Local fashion designer Haithem Elkadiki on Calgary’s burgeoning fashion scene
By Andrew Mah
If Haithem Elkadiki is correct, the city of Calgary is poised to experience a fashion boom.
Such trends are not always an easy thing to spot. Fashion design can be a somewhat solitary activity—Elkadiki himself spends endless hours in his quaint Inglewood studio, a converted storage bay near the train yards and the busy hum of 9th Ave SE. The industrial feel of the space is brightened by a skylight and fresh whitewashed walls. Surrounded by racks of half-finished clothes and sheaves of doodles and designs, while listening to a bit of Turkish pop, dance or electronica, the Libyan-born designer dreams up his best ideas.
“My goal and duty as a fashion designer is to inspire people,” says the mustached and dapper Elkadiki, a man who takes his job of making beautiful clothes seriously—calling it an “obsession.” Yet if the words sound pretentious, the man is not. Sincere, with a ready smile and a gentle demeanour, Elkadiki exudes an unusual mix of modesty and flair. One senses in him a man whose native shyness is overcome by the necessity of artistic passions.
Elkadiki first came to Calgary as a youth in 1991, attending high school here before moving to Toronto to study fashion design. He settled back in Calgary in the late ‘90s, beholden by the city’s mountains and sunshine. Then he started making a name for himself, creating striking menswear with his label, KaaDiki, that’s known for its sleek silhouettes, whimsical graphics and bold colour palettes. Classic KaaDiki includes distinctive safari jackets, detailed shirts, and slimming vests and pants—ensembles that radiate preppy attitude with a dose of macho-man sex appeal.
Elkadiki has been part of the Calgary fashion front lines since he started designing full time back in 2004. He’s the first to acknowledge that haute couture isn’t exactly synonymous with the city, or even Canada for that matter. It’s a perception among the fashion forward that he’s had to deal with at international fashion events around the world.
“They’re surprised to see a fashion brand from Canada that is edgy and fresh and new. They expect something more rugged, more lumberjack inspired,” notes Elkadiki with a wry smile. “We have fantastic talent. We’re not just hunting jackets, lumberjack shirts and clunky boots.”
Elkadiki loves the opportunity to surprise people—to “open their minds and their eyes” with his designs, while
reminding them that Calgary is a colourful and diverse city with loads of creative talent. The designer adds that the fashion scene here is maturing, with a coterie of hip designers who are poised to take on the world fashion scene.
“It definitely has grown—it’s become more and more exciting,” says Elkadiki. “There’s new people all the time. I hope they stay here and make it work, make it happen. I hate to see talent leave the city.”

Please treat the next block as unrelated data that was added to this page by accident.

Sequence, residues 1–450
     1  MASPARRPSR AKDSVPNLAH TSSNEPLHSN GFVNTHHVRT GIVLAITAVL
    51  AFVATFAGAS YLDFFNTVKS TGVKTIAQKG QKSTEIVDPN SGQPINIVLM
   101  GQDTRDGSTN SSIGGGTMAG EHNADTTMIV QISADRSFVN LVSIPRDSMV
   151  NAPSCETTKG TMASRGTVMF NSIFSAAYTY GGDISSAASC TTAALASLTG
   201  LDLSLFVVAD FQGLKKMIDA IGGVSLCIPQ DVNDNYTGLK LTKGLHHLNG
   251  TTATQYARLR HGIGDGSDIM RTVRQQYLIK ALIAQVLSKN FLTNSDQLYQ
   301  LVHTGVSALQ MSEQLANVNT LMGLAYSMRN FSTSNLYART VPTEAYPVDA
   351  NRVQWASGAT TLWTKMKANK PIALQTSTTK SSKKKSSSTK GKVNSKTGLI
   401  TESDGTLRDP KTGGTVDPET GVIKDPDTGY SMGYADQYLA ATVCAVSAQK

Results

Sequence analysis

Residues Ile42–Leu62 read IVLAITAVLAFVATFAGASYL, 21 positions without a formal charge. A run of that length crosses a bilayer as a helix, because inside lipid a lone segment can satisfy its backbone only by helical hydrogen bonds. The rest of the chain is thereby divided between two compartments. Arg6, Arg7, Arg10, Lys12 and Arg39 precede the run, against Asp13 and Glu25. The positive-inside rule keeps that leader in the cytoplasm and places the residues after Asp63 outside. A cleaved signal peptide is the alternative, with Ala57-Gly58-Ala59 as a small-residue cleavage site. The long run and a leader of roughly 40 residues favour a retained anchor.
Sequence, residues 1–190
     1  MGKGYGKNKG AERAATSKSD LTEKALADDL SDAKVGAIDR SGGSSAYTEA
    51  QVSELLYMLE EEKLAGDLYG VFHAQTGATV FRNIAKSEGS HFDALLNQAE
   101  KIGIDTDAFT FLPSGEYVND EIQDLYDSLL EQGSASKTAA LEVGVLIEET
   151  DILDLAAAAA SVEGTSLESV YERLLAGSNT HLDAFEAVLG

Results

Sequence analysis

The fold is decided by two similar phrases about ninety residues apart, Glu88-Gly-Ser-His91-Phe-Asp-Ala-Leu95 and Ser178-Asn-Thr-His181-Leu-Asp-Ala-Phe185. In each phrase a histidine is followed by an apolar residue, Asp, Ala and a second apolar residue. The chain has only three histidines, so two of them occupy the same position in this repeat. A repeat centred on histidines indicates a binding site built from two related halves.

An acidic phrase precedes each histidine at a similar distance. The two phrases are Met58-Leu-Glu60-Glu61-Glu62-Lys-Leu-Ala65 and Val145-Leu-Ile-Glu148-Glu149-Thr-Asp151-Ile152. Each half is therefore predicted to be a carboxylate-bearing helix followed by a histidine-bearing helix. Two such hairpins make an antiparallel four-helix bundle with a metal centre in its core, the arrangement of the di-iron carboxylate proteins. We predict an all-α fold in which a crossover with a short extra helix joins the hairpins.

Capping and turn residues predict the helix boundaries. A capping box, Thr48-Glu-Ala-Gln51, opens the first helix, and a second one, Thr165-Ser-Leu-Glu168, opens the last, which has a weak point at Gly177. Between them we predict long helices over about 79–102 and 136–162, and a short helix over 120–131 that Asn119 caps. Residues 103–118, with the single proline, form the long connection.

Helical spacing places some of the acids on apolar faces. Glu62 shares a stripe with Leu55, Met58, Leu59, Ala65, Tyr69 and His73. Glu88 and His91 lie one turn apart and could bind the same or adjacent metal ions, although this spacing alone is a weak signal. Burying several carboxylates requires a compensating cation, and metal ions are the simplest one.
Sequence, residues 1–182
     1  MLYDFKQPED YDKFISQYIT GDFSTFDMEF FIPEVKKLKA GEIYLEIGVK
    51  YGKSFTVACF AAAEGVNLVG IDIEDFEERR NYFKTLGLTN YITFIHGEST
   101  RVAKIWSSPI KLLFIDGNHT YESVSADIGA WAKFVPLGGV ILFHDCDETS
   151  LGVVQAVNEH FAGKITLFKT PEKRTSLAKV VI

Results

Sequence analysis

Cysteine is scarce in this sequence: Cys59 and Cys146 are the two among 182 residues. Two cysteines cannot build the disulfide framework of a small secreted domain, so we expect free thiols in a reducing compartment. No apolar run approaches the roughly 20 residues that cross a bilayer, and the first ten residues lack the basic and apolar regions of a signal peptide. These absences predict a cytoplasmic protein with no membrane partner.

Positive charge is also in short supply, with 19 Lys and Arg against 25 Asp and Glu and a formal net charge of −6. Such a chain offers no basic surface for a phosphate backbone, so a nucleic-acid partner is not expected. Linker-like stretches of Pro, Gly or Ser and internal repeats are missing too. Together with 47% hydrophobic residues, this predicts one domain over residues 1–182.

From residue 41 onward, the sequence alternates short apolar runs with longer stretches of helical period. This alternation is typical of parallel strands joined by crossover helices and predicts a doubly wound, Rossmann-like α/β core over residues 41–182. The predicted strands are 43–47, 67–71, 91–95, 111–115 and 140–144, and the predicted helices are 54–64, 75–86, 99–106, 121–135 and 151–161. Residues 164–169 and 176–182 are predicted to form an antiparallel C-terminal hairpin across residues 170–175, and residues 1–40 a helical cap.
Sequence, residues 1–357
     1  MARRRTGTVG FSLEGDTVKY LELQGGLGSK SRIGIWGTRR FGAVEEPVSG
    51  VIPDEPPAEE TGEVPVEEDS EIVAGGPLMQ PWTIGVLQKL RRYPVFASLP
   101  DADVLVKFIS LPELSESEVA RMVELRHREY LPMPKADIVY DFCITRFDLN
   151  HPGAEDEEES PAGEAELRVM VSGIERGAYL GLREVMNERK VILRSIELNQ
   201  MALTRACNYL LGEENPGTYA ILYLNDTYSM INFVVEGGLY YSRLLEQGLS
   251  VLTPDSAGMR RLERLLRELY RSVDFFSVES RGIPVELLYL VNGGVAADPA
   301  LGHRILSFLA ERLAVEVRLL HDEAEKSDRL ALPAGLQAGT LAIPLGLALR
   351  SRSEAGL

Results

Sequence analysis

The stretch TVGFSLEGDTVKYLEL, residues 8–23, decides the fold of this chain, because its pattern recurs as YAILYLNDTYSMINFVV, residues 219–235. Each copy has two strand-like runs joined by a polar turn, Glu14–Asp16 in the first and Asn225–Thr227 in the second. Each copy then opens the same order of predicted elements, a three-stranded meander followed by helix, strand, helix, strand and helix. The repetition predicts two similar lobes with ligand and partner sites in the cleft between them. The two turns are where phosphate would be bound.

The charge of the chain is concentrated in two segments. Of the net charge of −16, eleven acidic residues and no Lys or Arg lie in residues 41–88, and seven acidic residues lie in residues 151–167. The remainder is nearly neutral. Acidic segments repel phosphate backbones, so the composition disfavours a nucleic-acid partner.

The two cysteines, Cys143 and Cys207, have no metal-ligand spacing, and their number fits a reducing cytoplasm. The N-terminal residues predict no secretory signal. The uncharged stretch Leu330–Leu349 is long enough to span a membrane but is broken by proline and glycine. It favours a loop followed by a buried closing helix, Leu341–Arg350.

Though the recent recession has created its list of fashion fatalities here, including the demise of iconic boutiques like Focus and Worth, Elkadiki is confident that Calgary will soon see a fashion renaissance.
“Fashion is not a huge priority for people right now here in the city. The way I look at it, it’s temporary. It’s the calm before the storm, before the boom starts again.”
He may have a point. With the creation of new style hub Fashion Central in the downtown, the recent expansion of Holt Renfrew, the arrival of international lines like Betsey Johnson, and the rise of local designers like Lara Presber, Caitlin Power and Elkadiki himself, Calgary is beginning to create a bit of a fashion buzz.
Now in his mid-thirties, Elkadiki no longer qualifies as a wunderkind, the up-and-comer to watch on the Calgary fashion scene. Though still trim and youthful, there’s the gravitas of the veteran, the guru, the leader. He feels he’s just coming into his own as a designer.
“It definitely comes with age and a lot of experience to make a good piece of clothing. It’s a slow process,” he says. “There’s a lot of experimenting and trial and error.”
Elkadiki’s pieces exude high fashion yet are made to be practical—for example, he avoids linings to keep his pieces washable. One of his signature goals is to make garments that are “as beautiful on the inside as on the outside”—with careful attention to interior stitching and detailing, particularly with his jackets and vests. It’s a quality that makes the clothes both attractive and long-lasting.
Elkadiki, who still sews together his designs, admits that his pieces appeal to men who are looking for something that’s definitively unique. “They want to feel special in knowing that what they’re wearing is exclusive and not mass produced.” He adds, “Maybe they take some pleasure in knowing the designer slaved away late nights trying to finish everything perfectly, every top stitch over and over again.” Elkadiki laughs, but he’s not kidding; it’s just what you’d expect of a man obsessed with beautiful clothes.
To see and buy Haithem Elkadiki’s KaaDiki collection, visit www.kaadiki.com.